The Coronavirus pandemic has forced the majority of the population to stay quarantined at home. Some people may find it difficult to work from home, especially when confined alone. Thankfully, music can be a good motivational factor, especially when it doesn't cost much. To help people go through the situation, Tidal is offering its paid subscriptions for just $4 for four months. Read More
In April, we received word that Amazon was working on a high definition music streaming service to rival Tidal’s HiFi subscription offering, and after months of waiting, a contender has finally emerged.
Starting today, Amazon Music HD promises listeners access to more than 50 million 16-bit lossless high definition songs sampling at 44.1kHz, or the sound equivalent to tracks found on CDs. Subscribers will also have access to “millions” more 24-bit Ultra HD songs sampling at 192kHz, which is the highest audio quality available in the music industry.
Current subscribers can upgrade to Amazon Music HD for free for 90 days. Read More
Amazon already has two music streaming products — Amazon Music (a limited library available to all Prime users) and Music Unlimited (a larger streaming library for $7.99/month). A new report claims the company is working on an additional service intended to directly compete with Tidal. Read More
Since its introduction in 2014, Tidal has been the main provider of high-bitrate music for streaming in the United States. However, the company is more well-known for its controversies — like alleged inflation of subscriber numbers and artists bailing out — than its actual service. Tidal now has some added competition, as French streaming service Qobuz has expanded to the United States. Read More
Tidal tries to stand out among streaming services by offering both hi-fi music quality and access to artists you can't find on Spotify, like Prince and Beyoncé. But in addition to bringing you music from acts you might have forgotten you were missing out on, that also means more exposure to artists you may not want to hear from at all. Now, thanks to the app's latest update, you can mute those artists when listening on Tidal Read More
Yesterday, Plex announced some huge additions and changes to the music side of your media server. These were so important/awesome that I had to get this out to you in case you hadn't seen it yet. Among many things, Plex has added a deep integration with Tidal, some massive mobile player overhauls, an improved shuffle system, discoverability options, and more. Read More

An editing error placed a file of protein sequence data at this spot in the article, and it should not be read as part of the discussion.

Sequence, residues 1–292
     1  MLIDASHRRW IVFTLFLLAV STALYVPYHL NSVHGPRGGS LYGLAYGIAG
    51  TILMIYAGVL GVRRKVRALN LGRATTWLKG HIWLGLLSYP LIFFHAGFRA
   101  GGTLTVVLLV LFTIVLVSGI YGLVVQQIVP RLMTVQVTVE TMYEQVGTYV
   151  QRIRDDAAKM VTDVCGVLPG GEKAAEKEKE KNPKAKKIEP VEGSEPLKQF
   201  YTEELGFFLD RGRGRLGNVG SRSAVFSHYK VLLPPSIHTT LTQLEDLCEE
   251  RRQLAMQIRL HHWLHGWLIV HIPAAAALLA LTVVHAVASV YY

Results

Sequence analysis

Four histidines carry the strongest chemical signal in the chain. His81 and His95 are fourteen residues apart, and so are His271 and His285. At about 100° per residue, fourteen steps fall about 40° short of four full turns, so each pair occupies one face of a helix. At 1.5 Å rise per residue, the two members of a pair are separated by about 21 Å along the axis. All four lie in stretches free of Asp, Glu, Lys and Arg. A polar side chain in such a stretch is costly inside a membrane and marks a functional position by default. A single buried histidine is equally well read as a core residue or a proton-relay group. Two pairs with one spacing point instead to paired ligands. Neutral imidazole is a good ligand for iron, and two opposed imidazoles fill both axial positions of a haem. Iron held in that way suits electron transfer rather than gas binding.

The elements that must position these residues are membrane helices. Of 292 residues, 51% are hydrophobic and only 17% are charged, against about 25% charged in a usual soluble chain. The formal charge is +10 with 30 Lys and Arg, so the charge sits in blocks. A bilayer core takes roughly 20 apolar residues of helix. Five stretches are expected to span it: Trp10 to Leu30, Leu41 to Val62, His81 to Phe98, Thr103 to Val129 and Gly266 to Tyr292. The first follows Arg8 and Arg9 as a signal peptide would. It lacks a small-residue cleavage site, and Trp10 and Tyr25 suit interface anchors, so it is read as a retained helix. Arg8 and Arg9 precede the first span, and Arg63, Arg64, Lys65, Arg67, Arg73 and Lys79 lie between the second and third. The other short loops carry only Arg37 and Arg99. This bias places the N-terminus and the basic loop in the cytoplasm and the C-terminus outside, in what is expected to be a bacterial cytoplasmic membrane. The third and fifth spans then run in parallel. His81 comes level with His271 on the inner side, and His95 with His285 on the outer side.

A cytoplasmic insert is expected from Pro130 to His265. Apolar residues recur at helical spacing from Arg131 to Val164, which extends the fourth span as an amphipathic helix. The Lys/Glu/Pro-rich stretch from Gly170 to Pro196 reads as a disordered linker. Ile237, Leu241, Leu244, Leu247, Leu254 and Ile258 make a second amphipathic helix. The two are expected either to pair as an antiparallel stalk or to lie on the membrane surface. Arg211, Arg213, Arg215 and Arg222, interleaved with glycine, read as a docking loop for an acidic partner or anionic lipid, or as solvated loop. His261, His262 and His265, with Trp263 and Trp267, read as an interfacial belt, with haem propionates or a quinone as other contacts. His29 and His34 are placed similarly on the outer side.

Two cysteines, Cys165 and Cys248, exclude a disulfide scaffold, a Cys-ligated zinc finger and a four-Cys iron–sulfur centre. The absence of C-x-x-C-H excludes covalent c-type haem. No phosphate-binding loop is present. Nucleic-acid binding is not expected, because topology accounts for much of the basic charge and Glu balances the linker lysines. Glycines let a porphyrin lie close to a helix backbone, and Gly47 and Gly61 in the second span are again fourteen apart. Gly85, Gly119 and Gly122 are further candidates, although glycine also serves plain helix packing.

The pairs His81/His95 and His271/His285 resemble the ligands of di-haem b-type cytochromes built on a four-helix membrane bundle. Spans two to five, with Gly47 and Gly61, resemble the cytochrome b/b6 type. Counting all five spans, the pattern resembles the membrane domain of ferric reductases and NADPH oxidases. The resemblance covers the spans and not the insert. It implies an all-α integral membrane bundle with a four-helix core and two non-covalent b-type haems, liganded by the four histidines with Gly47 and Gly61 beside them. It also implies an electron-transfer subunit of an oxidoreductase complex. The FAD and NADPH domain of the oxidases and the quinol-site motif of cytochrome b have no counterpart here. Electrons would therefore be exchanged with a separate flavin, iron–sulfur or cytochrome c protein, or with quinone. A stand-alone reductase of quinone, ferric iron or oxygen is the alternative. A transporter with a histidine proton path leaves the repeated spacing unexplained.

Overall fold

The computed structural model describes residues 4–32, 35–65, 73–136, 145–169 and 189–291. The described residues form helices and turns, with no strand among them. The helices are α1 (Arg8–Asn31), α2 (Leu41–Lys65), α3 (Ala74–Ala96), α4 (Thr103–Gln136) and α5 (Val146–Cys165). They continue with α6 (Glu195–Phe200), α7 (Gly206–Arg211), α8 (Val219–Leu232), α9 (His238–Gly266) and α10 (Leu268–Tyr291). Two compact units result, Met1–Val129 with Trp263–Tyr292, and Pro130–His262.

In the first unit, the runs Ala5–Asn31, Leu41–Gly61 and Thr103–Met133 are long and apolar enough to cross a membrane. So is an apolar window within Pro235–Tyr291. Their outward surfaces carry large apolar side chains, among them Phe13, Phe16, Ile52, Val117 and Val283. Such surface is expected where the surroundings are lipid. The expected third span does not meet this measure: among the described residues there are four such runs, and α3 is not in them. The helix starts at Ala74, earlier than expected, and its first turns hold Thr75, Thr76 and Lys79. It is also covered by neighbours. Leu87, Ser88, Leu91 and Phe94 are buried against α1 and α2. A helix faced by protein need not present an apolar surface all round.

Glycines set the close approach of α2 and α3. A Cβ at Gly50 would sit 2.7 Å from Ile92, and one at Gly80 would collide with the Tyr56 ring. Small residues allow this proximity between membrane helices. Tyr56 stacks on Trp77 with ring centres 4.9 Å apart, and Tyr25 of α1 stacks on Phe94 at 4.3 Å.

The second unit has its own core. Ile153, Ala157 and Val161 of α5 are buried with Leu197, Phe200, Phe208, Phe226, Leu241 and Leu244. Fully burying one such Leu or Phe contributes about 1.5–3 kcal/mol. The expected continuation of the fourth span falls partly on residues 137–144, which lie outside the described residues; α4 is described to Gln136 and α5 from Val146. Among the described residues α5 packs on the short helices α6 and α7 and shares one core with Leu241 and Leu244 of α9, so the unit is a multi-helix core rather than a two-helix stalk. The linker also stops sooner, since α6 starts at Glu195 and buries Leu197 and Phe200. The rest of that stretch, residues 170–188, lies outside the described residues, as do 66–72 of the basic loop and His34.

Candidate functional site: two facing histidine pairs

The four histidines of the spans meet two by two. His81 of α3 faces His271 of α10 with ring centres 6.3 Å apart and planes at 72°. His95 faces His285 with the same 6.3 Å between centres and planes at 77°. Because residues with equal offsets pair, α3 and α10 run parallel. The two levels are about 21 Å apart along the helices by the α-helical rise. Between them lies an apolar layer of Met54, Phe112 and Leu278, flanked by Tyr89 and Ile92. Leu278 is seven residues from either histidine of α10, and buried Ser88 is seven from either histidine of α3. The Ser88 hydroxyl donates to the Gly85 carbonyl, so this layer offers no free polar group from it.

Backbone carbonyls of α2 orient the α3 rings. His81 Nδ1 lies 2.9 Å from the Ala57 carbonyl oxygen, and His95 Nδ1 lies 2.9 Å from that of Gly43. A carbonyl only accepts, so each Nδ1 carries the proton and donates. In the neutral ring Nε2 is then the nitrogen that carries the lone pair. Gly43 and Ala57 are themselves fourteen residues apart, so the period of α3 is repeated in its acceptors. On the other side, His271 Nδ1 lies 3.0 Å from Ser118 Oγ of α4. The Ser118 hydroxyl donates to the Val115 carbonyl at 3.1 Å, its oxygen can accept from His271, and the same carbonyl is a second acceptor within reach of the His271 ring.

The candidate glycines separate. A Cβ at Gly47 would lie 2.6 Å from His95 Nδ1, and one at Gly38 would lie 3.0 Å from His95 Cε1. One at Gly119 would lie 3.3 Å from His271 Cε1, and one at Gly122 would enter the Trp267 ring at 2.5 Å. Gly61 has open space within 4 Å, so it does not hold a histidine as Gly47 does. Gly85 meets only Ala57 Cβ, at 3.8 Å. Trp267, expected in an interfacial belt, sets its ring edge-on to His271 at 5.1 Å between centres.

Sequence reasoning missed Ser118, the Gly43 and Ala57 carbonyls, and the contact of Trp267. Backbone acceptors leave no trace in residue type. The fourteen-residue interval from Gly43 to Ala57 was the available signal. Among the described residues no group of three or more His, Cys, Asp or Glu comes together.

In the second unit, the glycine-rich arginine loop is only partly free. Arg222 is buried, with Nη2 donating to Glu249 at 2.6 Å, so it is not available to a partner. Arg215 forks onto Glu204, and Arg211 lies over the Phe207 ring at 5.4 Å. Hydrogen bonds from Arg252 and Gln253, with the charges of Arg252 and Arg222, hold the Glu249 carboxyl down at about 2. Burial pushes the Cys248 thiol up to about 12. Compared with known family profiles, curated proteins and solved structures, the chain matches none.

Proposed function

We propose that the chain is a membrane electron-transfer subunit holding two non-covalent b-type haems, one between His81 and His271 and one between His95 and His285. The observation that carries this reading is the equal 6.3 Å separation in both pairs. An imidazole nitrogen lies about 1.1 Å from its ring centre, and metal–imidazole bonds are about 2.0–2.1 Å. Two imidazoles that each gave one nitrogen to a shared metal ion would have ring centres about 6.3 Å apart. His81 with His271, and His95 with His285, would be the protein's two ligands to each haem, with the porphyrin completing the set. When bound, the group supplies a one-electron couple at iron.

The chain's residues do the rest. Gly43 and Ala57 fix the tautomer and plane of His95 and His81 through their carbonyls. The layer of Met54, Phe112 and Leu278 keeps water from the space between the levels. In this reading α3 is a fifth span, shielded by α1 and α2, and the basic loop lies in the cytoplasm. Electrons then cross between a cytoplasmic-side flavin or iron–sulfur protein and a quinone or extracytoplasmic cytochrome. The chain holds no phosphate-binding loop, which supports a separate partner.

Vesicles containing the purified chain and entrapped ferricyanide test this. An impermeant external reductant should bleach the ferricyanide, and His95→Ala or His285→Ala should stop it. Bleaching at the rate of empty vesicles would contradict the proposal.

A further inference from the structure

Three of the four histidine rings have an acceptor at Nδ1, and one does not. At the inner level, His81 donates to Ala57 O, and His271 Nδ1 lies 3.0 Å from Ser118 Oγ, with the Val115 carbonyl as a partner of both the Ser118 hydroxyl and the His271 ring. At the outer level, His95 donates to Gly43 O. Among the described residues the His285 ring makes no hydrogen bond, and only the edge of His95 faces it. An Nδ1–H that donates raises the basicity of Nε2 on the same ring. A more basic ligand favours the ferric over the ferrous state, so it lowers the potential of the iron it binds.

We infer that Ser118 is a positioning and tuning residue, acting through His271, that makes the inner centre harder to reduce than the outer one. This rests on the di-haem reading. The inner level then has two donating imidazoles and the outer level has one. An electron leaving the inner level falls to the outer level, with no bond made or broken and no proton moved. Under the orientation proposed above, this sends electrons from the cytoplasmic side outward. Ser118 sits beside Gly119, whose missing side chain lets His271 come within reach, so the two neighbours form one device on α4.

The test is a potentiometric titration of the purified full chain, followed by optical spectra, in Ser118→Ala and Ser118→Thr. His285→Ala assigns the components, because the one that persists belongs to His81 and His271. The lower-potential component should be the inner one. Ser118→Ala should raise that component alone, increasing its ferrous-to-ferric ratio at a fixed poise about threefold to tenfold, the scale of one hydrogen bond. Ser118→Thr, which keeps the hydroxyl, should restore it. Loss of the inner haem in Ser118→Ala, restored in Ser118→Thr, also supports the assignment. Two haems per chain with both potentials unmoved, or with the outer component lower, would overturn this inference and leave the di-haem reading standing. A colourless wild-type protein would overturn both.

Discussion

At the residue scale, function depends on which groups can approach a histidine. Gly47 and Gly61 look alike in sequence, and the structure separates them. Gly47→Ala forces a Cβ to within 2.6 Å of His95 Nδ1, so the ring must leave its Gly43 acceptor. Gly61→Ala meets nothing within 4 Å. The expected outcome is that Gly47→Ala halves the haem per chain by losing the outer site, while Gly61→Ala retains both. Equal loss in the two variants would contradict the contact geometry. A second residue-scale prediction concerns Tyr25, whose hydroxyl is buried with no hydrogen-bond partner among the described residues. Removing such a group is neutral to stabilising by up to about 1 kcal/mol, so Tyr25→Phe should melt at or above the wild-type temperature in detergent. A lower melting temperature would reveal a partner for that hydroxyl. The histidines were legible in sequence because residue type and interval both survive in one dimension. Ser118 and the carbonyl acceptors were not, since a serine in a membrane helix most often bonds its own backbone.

In addition to all the other hardware-related news today, Amazon is also rolling out its multi-room audio feature to third-party hardware. Called Alexa Multi-Room Music, the expanded support for other Alexa-powered devices will allow you to group third-party speakers, including offerings from companies like Bose and Sonos, together with Amazon's Echo hardware for synchronized playback. Read More
TIDAL doesn't have many fans due to its high pricing and general impracticality, but perhaps today's two additions will sway you to reconsider. Jay-Z's music service now supports Amazon Fire TV and Android Auto --- an odd combo, but any additional support is good to hear about. Read More
The Copyright Royalty Board of the U.S. Library of Congress—which determines the licensing fees paid by streaming services to artists (and their publishers)—has reportedly increased the royalty rate from 10.5% to 15.1% of total revenues for the five-year period from 2018 to 2022. Streaming services rely on the compulsory license established under U.S. law rather than negotiate directly with publishers. For comparison, Netflix and Amazon must negotiate with studios for the use of programs, which is why their catalogs are not "all-inclusive" in the way that music streaming services are. Read More